DES MOINES — Cedar Rapids Mayor Ron Corbett, a 2018 GOP candidate for governor, pledged this week not to raise or accept “any D.C., special-interest swamp money” in his “underdog” June 5 primary challenge, and he called upon Republican Gov. Kim Reynolds to do the same.
Corbett, 56, told reporters he has raised $804,020 mostly from individual Iowans in three weeks since he announced his run for governor and has another $219,000 in “hard” commitments that make him a financially viable challenge to Reynolds, who became governor in May when Terry Branstad resigned to become U.S. ambassador to China.
“What this shows is that people around the state of Iowa aren’t bought into this establishment narrative that the race is over before it starts. The race is just beginning,” he said. “I think it shows that Iowans around the state aren’t exactly comfortable with Kim Reynolds carrying the status-quo baton for the next four years, that they’re really open to new faces with a new agenda and a new game plan.”
Corbett said he expects he will have to raise another $1 million to build a campaign treasury of $2.3 million to run “a very strong” challenge to Reynolds’ GOP establishment-backed campaign.
During a Wednesday news conference, he challenged Reynolds to join him in refusing donations from political action committees, federal lobbyists and special interest groups as well as denouncing in advance any outside attack ads financed by independent groups not required to divulge donor names.
“We don’t need Washington, D.C., money meddling in Iowa politics. We don’t need the special-interest groups trying to influence Iowa voters. We don’t need this swamp money sponsoring fake TV ads two and three months out before the election,” Corbett said. “If we’re going to change how much money is in politics, it has to start with the candidates.”
The GOP challenger noted that Reynolds already has banked $1 million in campaign money but did so with the help of Branstad and contributions she likely garnered during trips to the nation’s capital. He called upon Reynolds to sign the pledge not to accept “swamp money from D.C.” and return any special-interest contributions she may have accepted already, including assistance from the Republican Governors Association.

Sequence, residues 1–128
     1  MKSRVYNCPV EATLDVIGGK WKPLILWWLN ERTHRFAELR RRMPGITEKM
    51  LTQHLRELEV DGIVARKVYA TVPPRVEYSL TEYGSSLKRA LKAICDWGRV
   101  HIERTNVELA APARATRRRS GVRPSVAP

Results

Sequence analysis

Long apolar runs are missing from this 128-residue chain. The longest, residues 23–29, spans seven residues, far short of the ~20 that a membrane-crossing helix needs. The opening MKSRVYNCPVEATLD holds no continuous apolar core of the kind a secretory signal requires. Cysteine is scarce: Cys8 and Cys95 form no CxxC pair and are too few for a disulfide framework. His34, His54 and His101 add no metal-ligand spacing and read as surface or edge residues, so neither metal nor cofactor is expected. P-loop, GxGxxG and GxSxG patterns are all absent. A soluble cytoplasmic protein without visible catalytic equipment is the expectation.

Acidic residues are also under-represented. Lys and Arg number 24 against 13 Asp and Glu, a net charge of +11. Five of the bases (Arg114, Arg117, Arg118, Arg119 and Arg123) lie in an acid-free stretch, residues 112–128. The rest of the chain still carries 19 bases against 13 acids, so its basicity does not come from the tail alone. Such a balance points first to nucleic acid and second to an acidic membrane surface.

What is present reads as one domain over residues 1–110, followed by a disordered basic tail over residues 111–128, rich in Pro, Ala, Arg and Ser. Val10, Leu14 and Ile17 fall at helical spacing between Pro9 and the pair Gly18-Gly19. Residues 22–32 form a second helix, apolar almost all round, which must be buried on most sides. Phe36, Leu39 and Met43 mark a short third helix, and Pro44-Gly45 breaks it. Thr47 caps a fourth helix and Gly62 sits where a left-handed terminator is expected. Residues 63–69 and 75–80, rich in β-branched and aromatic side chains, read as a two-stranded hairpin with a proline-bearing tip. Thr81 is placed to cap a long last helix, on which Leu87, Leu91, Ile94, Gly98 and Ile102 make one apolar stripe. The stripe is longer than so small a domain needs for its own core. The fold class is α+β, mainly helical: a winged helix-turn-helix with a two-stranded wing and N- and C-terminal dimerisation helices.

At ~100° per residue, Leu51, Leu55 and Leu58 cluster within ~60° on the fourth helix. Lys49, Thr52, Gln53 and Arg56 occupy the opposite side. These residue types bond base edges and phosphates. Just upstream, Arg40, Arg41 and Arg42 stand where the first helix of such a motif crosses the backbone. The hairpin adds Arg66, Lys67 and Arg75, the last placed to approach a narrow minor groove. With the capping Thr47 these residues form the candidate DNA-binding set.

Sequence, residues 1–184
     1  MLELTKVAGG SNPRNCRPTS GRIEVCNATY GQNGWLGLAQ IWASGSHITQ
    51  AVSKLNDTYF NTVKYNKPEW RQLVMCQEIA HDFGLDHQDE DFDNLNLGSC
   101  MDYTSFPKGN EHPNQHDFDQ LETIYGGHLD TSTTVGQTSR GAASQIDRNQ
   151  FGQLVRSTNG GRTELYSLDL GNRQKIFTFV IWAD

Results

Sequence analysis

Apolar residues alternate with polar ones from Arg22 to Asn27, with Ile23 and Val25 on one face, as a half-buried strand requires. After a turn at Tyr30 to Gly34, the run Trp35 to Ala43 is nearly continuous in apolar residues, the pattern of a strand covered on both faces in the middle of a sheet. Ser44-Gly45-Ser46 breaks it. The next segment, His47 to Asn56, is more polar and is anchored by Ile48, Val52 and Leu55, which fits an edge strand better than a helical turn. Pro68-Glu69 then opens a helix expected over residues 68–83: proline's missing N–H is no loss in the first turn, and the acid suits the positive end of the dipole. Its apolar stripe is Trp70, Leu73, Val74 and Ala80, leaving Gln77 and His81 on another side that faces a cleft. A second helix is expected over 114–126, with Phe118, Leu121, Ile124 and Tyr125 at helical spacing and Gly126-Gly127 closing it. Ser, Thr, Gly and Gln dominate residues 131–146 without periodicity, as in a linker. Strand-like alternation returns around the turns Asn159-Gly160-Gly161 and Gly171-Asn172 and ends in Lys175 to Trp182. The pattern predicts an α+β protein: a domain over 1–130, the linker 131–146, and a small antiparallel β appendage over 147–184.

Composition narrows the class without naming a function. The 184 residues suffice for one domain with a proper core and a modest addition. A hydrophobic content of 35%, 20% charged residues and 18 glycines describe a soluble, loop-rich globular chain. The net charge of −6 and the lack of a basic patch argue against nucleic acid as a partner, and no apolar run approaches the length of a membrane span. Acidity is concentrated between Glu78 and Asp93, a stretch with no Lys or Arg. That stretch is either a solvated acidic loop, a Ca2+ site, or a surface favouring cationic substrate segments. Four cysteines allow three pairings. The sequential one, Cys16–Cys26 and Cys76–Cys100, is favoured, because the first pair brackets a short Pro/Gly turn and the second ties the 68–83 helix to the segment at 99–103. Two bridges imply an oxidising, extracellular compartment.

“The establishment has jumped on the bandwagon behind Kim Reynolds,” Corbett said. "I realize the establishment is trying to not have a primary, and they’ve done a lot of work trying to convince people that I don’t have a chance. That narrative is a fake narrative. I do have shot."
Reynolds has hired a campaign staff and said she plans to run with acting Lt. Gov. Adam Gregg, a former state public defender. This week, she announced that Iowa’s two Republican senators, Chuck Grassley and Joni Ernst, will serve as her 2018 campaign’s co-chairs, joining Iowa Agriculture Secretary Bill Northey and more than 1,050 county chairs from all 99 counties in support of the Reynolds-Gregg camp.
Corbett, a former Iowa House speaker elected seven times before becoming a two-term mayor since 2010, is running on a “core four” platform of issues, saying Iowa has receded in K-12 education, has an unfair, uncompetitive and complicated income tax system, has failed to address water quality issues and needs more compassion and concern about the well-being of Iowans.
He has been traveling the state since 2015 with his “conservative think tank” Engage Iowa and more recently on a book tour for “Beyond Promises” to discuss his vision.
Phil Valenziano, manager for the Reynolds-Gregg campaign, said Reynolds filed a campaign finance report as lieutenant governor last January indicating that 95 percent of the money she raised were contributions from people within Iowa and the rest were former Iowans or from border areas.
“So I guess that’s right in line there,” he said.
Valenziano said he wasn’t familiar with the details of Corbett’s proposal, which he viewed as “very vague,” but he noted that the governor is “thrilled” with the support she has received, especially with the addition of Grassley and Ernst as campaign co-chairs.
“If the intent is to keep support coming from Iowans, obviously, we’ve sort of checked that box with 95 percent of support of our financial contributions in 2016 coming from Iowa.”